About Lukas Eder

Lukas is a Java and SQL enthusiast developer. He created the Data Geekery GmbH. He is the creator of jOOQ, a comprehensive SQL library for Java, and he is blogging mostly about these three topics: Java, SQL and jOOQ.

Please, Run That Calculation in Your RDBMS

There’s one thing that you can do terribly wrong when working with RDBMS. And that thing is not running your calculations in the database, when you should.

We’re not advocating to blindly move all business logic into the database, but when I see a Stack Overflow question like this, I feel the urge to gently remind you of the second item in our popular 10 Common Mistakes Java Developers Make When Writing SQL.
 
 
 
 

Gently reminding you of the second item. Some background on this illustration here (in German).

Gently reminding you of the second item.
Some background on this illustration here (in German)

The Stack Overflow question essentially boils down to this (liberally quoted):

From the following medium-sized table, I wish to count the number of documents with status 0 or 1 per application ID:

AppID | DocID | DocStatus 
------+-------+----------
1     | 100   | 0
1     | 101   | 1    
2     | 200   | 0    
2     | 300   | 1
...   | ...   | ...

Should I use Hibernate for that?

And the answer: NO! Don’t use Hibernate for that (unless you mean native querying). You should use SQL for that. Es-Queue-El! You have so many trivial options to make your SQL Server help you run this query in a fraction of the time it would take if you loaded all that data into Java memory before aggregating!

For instance (using SQL Server):

Using GROUP BY

This is the most trivial one, but it might not return result in exactly the way you wanted, i.e. different aggregation results are in different rows:

SELECT [AppID], [DocStatus], count(*)
FROM [MyTable]
GROUP BY [AppID], [DocStatus]

Example on SQLFiddle, returning something like

| APPID | DOCSTATUS | COLUMN_2 |
|-------|-----------|----------|
|     1 |         0 |        2 |
|     2 |         0 |        3 |
|     1 |         1 |        3 |
|     2 |         1 |        2 |

Using nested selects

This is probably the solution that this particular user was looking for. They probably want each aggregation in a separate column, and one very generic way to achieve this is by using nested selects. Note that this solution might prove to be a bit slow in some databases that have a hard time optimising these things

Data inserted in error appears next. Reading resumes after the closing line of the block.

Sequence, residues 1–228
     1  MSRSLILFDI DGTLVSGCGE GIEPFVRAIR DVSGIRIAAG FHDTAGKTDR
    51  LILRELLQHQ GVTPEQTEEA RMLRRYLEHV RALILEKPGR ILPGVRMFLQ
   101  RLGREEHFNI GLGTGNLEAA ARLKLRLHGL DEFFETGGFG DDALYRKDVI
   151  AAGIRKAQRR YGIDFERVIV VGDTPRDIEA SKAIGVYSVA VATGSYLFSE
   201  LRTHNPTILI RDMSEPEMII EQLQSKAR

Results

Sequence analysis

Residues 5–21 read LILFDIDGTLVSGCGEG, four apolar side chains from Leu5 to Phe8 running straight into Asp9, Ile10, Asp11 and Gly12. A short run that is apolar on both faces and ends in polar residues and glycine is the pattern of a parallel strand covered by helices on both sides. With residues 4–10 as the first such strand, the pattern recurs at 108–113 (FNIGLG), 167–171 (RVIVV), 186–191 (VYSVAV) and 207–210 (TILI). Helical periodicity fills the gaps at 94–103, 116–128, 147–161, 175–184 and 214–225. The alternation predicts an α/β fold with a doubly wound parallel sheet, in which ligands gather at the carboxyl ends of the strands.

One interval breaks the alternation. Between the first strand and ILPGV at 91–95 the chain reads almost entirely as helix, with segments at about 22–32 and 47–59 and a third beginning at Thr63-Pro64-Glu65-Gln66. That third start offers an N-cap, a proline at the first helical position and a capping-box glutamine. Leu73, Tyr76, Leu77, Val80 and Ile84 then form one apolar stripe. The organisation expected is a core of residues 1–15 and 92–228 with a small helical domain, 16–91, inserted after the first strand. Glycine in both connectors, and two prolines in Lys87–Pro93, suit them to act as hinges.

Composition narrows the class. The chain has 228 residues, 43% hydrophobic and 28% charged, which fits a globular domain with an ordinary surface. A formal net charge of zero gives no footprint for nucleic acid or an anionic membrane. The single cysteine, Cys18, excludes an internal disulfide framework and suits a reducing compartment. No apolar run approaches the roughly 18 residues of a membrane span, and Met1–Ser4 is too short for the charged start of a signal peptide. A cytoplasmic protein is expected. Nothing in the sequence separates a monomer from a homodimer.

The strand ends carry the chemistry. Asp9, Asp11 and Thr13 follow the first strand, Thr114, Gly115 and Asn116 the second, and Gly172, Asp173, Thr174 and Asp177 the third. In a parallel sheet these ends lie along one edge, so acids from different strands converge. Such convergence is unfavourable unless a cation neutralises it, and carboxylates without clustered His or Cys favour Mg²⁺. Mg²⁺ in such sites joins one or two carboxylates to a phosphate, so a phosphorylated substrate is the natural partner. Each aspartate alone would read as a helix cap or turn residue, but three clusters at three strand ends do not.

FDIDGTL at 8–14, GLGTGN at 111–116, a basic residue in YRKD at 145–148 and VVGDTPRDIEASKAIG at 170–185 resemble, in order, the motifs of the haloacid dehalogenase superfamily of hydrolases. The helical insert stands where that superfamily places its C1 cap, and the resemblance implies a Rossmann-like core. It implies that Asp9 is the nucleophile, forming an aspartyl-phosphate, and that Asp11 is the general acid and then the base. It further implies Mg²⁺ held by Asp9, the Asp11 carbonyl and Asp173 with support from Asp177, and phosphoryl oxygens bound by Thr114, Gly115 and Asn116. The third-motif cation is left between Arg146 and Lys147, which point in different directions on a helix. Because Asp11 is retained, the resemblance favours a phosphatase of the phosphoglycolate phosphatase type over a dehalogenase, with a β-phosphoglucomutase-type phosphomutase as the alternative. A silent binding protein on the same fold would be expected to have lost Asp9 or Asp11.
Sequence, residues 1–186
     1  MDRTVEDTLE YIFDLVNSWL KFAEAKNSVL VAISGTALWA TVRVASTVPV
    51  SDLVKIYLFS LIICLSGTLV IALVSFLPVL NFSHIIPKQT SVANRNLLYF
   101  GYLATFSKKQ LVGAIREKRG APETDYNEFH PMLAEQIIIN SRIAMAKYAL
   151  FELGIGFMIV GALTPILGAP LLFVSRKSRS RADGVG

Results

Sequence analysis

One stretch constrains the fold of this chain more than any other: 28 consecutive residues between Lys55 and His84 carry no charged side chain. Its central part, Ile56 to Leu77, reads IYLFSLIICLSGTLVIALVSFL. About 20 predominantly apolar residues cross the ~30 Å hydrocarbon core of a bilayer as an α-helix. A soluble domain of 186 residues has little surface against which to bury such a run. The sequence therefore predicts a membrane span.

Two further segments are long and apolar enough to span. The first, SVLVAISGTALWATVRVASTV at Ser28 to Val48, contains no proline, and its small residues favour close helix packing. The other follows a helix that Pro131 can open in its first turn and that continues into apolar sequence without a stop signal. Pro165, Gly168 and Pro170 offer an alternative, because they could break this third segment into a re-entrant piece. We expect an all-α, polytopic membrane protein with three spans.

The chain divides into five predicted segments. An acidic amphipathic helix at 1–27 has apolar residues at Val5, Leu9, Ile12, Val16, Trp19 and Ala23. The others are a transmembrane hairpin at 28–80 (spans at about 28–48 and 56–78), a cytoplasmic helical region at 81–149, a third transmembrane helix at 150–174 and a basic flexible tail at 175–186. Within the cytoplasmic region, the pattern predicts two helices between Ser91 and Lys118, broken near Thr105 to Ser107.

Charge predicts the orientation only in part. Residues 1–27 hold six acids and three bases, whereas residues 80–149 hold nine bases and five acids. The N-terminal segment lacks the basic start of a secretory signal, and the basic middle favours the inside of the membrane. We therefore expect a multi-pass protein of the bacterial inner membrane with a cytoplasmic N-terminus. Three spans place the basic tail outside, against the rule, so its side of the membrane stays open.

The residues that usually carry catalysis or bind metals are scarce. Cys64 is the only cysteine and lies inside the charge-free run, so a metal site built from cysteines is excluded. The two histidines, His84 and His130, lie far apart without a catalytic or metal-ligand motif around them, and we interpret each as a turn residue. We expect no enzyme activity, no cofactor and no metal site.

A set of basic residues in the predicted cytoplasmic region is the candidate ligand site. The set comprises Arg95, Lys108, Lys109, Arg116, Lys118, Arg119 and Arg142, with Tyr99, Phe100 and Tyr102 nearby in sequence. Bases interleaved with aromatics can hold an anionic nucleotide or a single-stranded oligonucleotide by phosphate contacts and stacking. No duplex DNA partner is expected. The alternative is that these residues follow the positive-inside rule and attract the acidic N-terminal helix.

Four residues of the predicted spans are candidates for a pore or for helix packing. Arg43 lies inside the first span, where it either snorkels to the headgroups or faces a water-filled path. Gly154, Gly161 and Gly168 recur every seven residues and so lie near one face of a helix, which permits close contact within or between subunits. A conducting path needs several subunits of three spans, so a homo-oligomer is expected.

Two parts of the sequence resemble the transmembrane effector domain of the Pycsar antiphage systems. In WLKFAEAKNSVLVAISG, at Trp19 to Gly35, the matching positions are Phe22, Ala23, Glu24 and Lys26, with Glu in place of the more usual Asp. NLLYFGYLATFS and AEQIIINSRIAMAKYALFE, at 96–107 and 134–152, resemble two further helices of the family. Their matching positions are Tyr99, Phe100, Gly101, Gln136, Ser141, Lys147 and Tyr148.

SELECT [AppID],
       (SELECT count(*) FROM [MyTable] [t2]
        WHERE [t1].[AppID] = [t2].[AppID]
        AND [DocStatus] = 0) [Status_0],
       (SELECT count(*) FROM [MyTable] [t2]
        WHERE [t1].[AppID] = [t2].[AppID]
        AND [DocStatus] = 1) [Status_1]
FROM [MyTable] [t1]
GROUP BY [AppID]

Example on SQLFiddle, returning something like

| APPID | STATUS_0 | STATUS_1 |
|-------|----------|----------|
|     1 |        2 |        3 |
|     2 |        3 |        2 |

Using SUM()

This solution is probably the optimal one. It is equivalent to the previous one with nested selects, although it only works for simple queries, whereas the nested selects version is more versatile.

SELECT [AppID],
       SUM(IIF([DocStatus] = 0, 1, 0)) [Status_0],
       SUM(IIF([DocStatus] = 1, 1, 0)) [Status_1]
FROM [MyTable] [t1]
GROUP BY [AppID]

Example on SQLFiddle, same result as before

Using PIVOT

This solution is for the SQL Aficionados among yourselves. It uses the T-SQL PIVOT clause!

SELECT [AppID], [0], [1]
FROM (
    SELECT [AppID], [DocStatus]
    FROM [MyTable]
) [t]
PIVOT (
    count([DocStatus]) 
    FOR [DocStatus] 
    IN ([0], [1])
) [pvt]

SQL aficionados use PIVOT

Example on SQLFiddle, same result as before

Conclusion

You may freely choose your weapon among the above suggestions, and I’m sure there are more alternatives. All of them will outperform any Java-based aggregation implementation by orders of magnitude, even for trivially small data sets for sure. We’ll say this time and again, and we’ll quote Gavin King time and again for the same thing:

Just because you’re using Hibernate, doesn’t mean you have to use it for everything. A point I’ve been making for about ten years now.

And in our words:

Use SQL whenever appropriate! And that is much more often than you might think!


 

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2 Responses to "Please, Run That Calculation in Your RDBMS"

  1. Iain Elder says:

    I agree completely with the setiment in this article: get the database engine to aggregate for you, because that’s what it’s good at.

    It would be great to see this article extednded with a discussion of execution plans, especially when comparing three different queries that produce the same result. Don’t just say “this solution might prove to be a bit slow” – prove it with a plan!

    SQL Server 2012 on sqlfiddle is down right now (“can’t connect to datasource [sqlfiddle_mssql2]“). Will try again later to reproduce your queries and plans.

    “SQL aficionados use PIVOT” – only as a last resort, in my case, and always with referring to the syntax manual! Sometimes it can be significantly faster than using the standard functions, but I find it hard to read and write.

    In most cases, I’d use your SUM method and replace the proprietary IIF with the standard CASE DocStatus WHEN 1 THEN 1 ELSE 0 END.

    • Lukas Eder says:

      It would be great to see this article extednded with a discussion of execution plans, especially when comparing three different queries that produce the same result.

      Yes, that’s a good idea! I’ll do this in a follow-up blog post. It’ll be good to compare SQL Server, Oracle and 1-2 others, maybe PostgreSQL and MySQL.

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